ES Rentals

    Independent Dating
    and  

    By clicking 'Search' you
    are agreeing to our
    Terms of Use.

    Is a quiet crusade to reform executive pay bearing fruit?

    Is a quiet crusade to reform executive pay bearing fruit?

    Dominic Rossi of Fidelity says his pressure on business to control rewards is working. But why aren’t other fund managers helping?
    The King David Hotel gives precious work to Palestinians - unless peace talks are on

    King David Hotel: Palestinians not included

    The King David is special to Jerusalem. Nick Kochan checked in and discovered it has some special arrangements, too
    More people moving from Australia to New Zealand than in the other direction for first time in 24 years

    End of the Aussie brain drain

    More people moving from Australia to New Zealand than in the other direction for first time in 24 years
    Meditation is touted as a cure for mental instability but can it actually be bad for you?

    Can meditation be bad for you?

    Researching a mass murder, Dr Miguel Farias discovered that, far from bringing inner peace, meditation can leave devotees in pieces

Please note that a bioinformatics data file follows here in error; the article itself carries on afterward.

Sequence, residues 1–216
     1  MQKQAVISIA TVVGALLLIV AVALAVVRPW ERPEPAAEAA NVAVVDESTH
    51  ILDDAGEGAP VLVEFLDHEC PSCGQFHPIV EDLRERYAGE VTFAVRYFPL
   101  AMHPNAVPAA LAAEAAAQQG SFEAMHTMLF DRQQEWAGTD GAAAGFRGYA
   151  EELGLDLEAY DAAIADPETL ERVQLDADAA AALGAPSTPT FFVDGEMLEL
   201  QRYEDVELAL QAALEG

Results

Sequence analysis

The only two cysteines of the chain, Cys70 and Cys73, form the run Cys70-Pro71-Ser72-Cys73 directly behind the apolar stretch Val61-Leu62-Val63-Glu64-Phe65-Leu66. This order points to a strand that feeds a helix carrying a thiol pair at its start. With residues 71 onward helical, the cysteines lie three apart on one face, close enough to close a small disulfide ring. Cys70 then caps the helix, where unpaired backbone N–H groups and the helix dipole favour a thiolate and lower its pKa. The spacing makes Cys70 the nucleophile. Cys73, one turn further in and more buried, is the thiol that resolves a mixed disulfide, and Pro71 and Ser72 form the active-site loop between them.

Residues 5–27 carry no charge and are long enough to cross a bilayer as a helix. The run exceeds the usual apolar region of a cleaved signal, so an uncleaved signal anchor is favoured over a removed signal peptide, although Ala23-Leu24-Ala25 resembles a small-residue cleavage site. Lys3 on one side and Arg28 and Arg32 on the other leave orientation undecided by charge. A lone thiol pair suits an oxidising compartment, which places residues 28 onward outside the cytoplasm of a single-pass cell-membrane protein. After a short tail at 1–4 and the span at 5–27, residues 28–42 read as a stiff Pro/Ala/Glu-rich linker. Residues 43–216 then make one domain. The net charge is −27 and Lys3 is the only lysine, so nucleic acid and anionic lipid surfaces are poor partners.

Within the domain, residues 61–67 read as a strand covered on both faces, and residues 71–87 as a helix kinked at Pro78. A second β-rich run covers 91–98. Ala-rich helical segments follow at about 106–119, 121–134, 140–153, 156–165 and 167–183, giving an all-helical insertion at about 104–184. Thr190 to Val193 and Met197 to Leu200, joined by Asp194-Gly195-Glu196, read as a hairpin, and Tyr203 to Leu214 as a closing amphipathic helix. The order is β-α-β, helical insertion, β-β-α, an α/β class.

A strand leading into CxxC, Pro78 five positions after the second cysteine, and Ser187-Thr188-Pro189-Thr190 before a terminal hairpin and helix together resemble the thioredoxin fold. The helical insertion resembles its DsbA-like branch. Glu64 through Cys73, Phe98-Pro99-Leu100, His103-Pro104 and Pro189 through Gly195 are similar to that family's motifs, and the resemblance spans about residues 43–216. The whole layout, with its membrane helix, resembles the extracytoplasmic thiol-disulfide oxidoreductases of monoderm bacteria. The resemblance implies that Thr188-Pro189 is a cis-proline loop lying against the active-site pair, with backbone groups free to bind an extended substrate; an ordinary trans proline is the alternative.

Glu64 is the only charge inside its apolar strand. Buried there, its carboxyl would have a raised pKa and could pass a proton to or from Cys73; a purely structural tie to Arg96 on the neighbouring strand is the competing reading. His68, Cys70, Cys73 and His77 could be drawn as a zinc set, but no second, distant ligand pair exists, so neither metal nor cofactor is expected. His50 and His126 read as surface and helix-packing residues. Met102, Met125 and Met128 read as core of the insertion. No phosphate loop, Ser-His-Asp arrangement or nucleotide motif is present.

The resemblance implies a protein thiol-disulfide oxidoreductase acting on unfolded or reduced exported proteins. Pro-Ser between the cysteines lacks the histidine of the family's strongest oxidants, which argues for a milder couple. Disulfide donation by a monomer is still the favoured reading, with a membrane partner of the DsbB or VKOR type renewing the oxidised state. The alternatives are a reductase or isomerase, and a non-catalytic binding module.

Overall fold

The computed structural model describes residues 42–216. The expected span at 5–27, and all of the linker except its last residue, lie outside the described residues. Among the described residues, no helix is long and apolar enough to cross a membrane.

Eurovision 2015: Australians will be cheering on their first-ever entrant this Saturday

    Australia's first-ever Eurovision entrant

    Australia, a nation of kitsch-worshippers, has always loved the Eurovision Song Contest. Maggie Alderson says it'll fit in fine
    Letterman's final Late Show: Laughter, but no tears, as David takes his bow after 33 years

    Laughter, but no tears, as Letterman takes his bow after 33 years

    Veteran talkshow host steps down to plaudits from four presidents
    Ivor Novello Awards 2015: Hozier wins with anti-Catholic song 'Take Me To Church' as John Whittingdale leads praise for Black Sabbath

    Hozier's 'blasphemous' song takes Novello award